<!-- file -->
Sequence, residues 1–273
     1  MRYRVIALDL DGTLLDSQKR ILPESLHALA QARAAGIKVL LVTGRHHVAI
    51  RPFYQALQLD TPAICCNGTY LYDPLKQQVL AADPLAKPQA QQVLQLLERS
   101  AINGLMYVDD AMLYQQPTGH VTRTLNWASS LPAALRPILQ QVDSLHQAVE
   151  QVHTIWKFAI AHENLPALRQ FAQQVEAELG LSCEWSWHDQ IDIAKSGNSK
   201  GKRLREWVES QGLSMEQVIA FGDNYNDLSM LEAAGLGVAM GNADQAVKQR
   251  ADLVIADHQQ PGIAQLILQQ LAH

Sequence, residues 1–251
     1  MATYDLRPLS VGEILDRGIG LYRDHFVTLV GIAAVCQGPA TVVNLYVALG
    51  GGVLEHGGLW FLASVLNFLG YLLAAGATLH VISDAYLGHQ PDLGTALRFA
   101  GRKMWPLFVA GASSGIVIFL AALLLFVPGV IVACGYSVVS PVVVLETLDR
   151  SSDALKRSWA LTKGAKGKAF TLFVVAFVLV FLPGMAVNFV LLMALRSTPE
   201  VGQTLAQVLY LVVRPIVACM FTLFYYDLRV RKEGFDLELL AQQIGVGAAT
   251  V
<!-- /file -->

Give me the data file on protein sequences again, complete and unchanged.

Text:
Sequence, residues 1–273
     1  MRYRVIALDL DGTLLDSQKR ILPESLHALA QARAAGIKVL LVTGRHHVAI
    51  RPFYQALQLD TPAICCNGTY LYDPLKQQVL AADPLAKPQA QQVLQLLERS
   101  AINGLMYVDD AMLYQQPTGH VTRTLNWASS LPAALRPILQ QVDSLHQAVE
   151  QVHTIWKFAI AHENLPALRQ FAQQVEAELG LSCEWSWHDQ IDIAKSGNSK
   201  GKRLREWVES QGLSMEQVIA FGDNYNDLSM LEAAGLGVAM GNADQAVKQR
   251  ADLVIADHQQ PGIAQLILQQ LAH

Sequence, residues 1–251
     1  MATYDLRPLS VGEILDRGIG LYRDHFVTLV GIAAVCQGPA TVVNLYVALG
    51  GGVLEHGGLW FLASVLNFLG YLLAAGATLH VISDAYLGHQ PDLGTALRFA
   101  GRKMWPLFVA GASSGIVIFL AALLLFVPGV IVACGYSVVS PVVVLETLDR
   151  SSDALKRSWA LTKGAKGKAF TLFVVAFVLV FLPGMAVNFV LLMALRSTPE
   201  VGQTLAQVLY LVVRPIVACM FTLFYYDLRV RKEGFDLELL AQQIGVGAAT
   251  V